b) Cylindrical Shells, Conical Shells and Elbows (see Figure 4.4).

c) Atmospheric Storage Tanks (see Figure 4.5).

d) Low Pressure Storage Tanks


e) If the critical Inspection plane(s) for a component are not known at the
time of the inspection, a minimum of two planes at right angles to each
other should be utilized.

Step 1.2 Mark each Inspection plane on the component

Step 2-

Determine the minimum required thickness, t


(see Appendix A)

Step 3.
Measure and record the wall thickness readings at Intervals along
each inspection plane and determine the minimum measured wall
thickness, tmin. If the corroded surface is not accessible for
visual inspection, then the recommended spacing distance for
thickness readings along each inspection plane Is given by the
following equation; however, a minimum of five thickness
readings is recommended for each inspection plane(s).
Ls

= min [0.36Dtmin , 2tnom]

(4.1)

ts

= Recommended thickness profile spacing (mm:in),

= Inside diameter of the shell (mm: in),

tnom = Nominal or furnished thickness of the component (mm:in)


tmin = Minimum required thickness (mm:in).

Step 4.
Determine the Critical
Thickness Profile (CTP) in the
meridional and circumferential
directions, as shown in Figure
4.6. The length of the profile is
established by determining the
end point locations where the
remaining wall thickness is
greater than in the meridional
and circumferential directions.

Note that the remaining wall


thickness within the bounds
of the CTP may exceed tmin. If
there are multiple flaws in
close proximity to one
another,
use
the
methodology
shown
in
Figures 4.7, 4.8. For large
regions of metal loss, more
than one CTP may be
utilized in the assessment.

4.3.3.4 If the region of metal loss is


close to or at a major
structural discontinuity, the
remaining thickness can be
established using the above
procedures.
However, additional thickness
readings should be taken to
include sufficient data points in
the region close to the major
structural discontinuity.
This involves taking adequate
thickness readings within the
zones defined as follows for the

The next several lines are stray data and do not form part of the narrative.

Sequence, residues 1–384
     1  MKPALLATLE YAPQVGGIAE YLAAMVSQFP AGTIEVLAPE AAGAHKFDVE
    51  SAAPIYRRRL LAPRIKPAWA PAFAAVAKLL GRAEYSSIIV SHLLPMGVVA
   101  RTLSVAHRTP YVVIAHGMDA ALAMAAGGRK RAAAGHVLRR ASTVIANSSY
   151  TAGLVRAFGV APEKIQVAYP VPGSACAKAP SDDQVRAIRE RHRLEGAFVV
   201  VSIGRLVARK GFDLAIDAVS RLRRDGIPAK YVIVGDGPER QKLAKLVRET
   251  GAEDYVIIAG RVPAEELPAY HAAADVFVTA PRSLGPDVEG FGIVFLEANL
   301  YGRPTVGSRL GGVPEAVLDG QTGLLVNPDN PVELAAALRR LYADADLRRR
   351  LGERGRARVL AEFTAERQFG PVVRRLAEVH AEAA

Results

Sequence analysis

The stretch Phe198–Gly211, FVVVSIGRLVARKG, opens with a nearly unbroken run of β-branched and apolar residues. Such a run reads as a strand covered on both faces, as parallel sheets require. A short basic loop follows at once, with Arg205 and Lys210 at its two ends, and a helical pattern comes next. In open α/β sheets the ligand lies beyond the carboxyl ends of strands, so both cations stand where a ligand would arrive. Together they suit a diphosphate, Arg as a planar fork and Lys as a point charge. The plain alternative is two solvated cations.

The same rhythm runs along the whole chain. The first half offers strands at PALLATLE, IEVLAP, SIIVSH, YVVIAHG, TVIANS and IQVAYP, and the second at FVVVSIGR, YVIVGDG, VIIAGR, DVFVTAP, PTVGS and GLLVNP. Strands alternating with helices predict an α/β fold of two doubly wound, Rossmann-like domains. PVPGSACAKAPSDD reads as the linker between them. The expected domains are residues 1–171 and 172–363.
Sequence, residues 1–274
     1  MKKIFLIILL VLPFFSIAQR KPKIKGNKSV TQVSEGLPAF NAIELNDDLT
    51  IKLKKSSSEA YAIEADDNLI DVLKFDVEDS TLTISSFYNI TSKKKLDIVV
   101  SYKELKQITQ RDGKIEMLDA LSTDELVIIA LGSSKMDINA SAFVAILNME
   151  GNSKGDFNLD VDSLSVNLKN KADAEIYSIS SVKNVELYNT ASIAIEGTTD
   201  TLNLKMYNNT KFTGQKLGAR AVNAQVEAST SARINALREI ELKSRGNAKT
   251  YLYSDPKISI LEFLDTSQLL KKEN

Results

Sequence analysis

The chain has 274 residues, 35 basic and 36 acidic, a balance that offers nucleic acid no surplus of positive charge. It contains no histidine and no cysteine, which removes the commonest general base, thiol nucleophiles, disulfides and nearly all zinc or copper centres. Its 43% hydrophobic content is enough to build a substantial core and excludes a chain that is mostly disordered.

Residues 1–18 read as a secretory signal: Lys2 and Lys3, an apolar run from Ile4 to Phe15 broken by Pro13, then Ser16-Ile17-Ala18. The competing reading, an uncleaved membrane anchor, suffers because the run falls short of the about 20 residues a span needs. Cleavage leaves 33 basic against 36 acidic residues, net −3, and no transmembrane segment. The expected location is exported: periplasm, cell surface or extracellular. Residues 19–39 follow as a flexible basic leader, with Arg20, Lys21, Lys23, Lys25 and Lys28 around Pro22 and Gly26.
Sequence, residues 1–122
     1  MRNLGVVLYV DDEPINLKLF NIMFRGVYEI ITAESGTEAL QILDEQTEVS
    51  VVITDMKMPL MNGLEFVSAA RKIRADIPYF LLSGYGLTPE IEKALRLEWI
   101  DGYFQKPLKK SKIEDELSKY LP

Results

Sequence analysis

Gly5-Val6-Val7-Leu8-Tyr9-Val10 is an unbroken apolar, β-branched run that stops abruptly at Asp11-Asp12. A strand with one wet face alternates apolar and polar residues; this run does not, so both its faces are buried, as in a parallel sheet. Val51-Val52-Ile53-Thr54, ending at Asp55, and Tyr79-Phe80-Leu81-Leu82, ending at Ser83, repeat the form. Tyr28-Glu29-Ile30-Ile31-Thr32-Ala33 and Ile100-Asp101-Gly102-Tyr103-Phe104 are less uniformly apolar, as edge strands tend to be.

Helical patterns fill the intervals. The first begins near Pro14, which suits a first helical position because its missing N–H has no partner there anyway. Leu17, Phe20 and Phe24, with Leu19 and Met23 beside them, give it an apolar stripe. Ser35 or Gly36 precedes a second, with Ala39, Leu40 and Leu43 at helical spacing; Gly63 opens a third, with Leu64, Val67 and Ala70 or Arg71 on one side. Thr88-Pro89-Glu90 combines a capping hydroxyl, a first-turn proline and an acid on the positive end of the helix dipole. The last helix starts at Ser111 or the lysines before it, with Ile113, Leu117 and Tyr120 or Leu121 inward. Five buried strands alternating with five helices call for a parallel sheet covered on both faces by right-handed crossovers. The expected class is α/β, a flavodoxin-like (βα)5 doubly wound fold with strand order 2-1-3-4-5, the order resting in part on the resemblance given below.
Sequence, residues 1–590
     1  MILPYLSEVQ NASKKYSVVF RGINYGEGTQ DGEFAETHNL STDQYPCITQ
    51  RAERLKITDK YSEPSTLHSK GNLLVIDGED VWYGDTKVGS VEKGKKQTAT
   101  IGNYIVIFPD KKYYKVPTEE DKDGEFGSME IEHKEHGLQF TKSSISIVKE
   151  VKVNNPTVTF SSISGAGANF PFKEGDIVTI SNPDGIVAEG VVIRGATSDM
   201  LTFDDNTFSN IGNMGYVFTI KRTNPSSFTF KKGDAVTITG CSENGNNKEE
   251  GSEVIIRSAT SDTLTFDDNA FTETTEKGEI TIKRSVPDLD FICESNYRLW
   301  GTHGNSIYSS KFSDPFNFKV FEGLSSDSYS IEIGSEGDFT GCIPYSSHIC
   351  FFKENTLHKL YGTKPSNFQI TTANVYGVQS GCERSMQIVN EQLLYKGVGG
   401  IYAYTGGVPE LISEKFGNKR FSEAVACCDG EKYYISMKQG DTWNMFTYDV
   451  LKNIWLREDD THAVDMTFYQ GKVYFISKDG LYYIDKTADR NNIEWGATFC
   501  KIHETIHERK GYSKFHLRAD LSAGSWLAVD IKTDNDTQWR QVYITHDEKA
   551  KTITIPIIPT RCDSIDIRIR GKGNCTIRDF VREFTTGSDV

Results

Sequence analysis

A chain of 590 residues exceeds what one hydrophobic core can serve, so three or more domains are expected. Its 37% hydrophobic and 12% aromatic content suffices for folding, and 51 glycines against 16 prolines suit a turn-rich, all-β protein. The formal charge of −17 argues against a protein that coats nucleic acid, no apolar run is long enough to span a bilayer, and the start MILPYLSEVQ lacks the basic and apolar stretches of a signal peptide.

components listed below:

Nozzle or branch connection


(see Figure 4.9 for the thickness
zone, Lv, Lno, and Lni).

Conical shell transition (see Figure 4.10 for the thickness zone, L v).

Axisymmetric discontinuities (see Figure 4.11 for the thickness zone, Lv).

Flange connections (see Figure 4.12 for the thickness zone, Lvh and Lvt).

4.3.4 Recommendations For Inspection


Technique and Sizing Requirements
4.3.4.1 Thickness readings are usually made using
straight beam ultrasonic thickness examination
(UT).
4.3.4.2 Obtaining accurate thickness readings using UT
is highly dependent on the surface condition of
the component.
4.3.4.3 All UT thickness readings should be made after
proper calibration for the wall thickness and
temperature
4.3.4.4 Radiographic examination (RT) may also be
used to determine metal loss

4.4 Assessment Techniques and


Acceptance Criteria
4.4.1

Overview

4.4.1.1
If the metal loss is less than the
specified corrosion/erosion
allowance and adequate
thickness is available for the
future corrosion allowance, no
further action is required other
than to record the data;
otherwise, an assessment is
required.
4.4.1.2
An overview of the assessment
levels is provided in Figure 4.1.

Level 1 Assessments
are limited to components which have a design equation which
specifically relates pressure (or liquid fill height for tanks) and/or
other loadings, as applicable, to a required wall thickness.

Level 2 Assessments
can be used to evaluate components which do not satisfy Level 1
criteria, and can also be used to evaluate components which do not
have a design equation which specifically relates pressure to a
required wall thickness. For example, the design rules for nozzle
reinforcement in the ASME Code, Section VIII, Division I are
provided in terms of reinforcement areas which result in a thickness
Interdependency between the required thickness of the shell and
nozzle.

Level 3 assessments
can be used to evaluate components which are not covered or do
not pass a Level I or Level 2 assessment.

4.4.1.3
If the thickness readings indicate that the metal loss is
localized and thickness profiles are obtained, the
assessment procedures of this section can still be used
for the assessment However, the results may be
conservative, and the option for performing the analysis
using the assessment procedures of Section 5 is
provided.
4.4.1.4
FFS assessments for the components listed below
require special consideration because of the complexities
associated
with the design requirements of the
original construction code.
a. Pressure Vessels Designed To The ASME Code, Section VIII,
Division 2
b. Low Pressure Storage Tanks Designed To API 620
c. Piping Designed To ASME B31.3

4.4.2

Level I Assessment

4.4.2.1 The following assessment procedure can be used. If the flaw is


found to be unacceptable, the procedure can be used to establish a
new MAWP or MFH.

Step 1. Determine the minimum required thickness, tmin (see


Appendix A, paragraph A.2).

Step 2. Locate regions of metal loss on the component and


determine the type of thickness data that will be recorded; point
thickness readings or thickness profile data. Based on these data,
determine the minimum measured thickness, t If thickness profile
data are used, then proceed to Step 3. If point thickness readings
are used, determine the Coefficient of Variation (COV) based on the
thickness readings and Future Corrosion Allowance. If the COV is
less than or equal to 10%, then proceed to Step 6 to complete the
assessment using the average thickness, tam. If the COV is greater
than 10%, then use of thickness profiles should be considered for
the assessment, or a Level 3 Assessment can be performed.

Step 3. Determine the length for thickness averaging, L.


Step 3.1. Compute the remaining thickness ratio, R t =( tmmFCA) /tmin
tmin

FCA =
=
tmm
=

Future corrosion allowance (mm:in),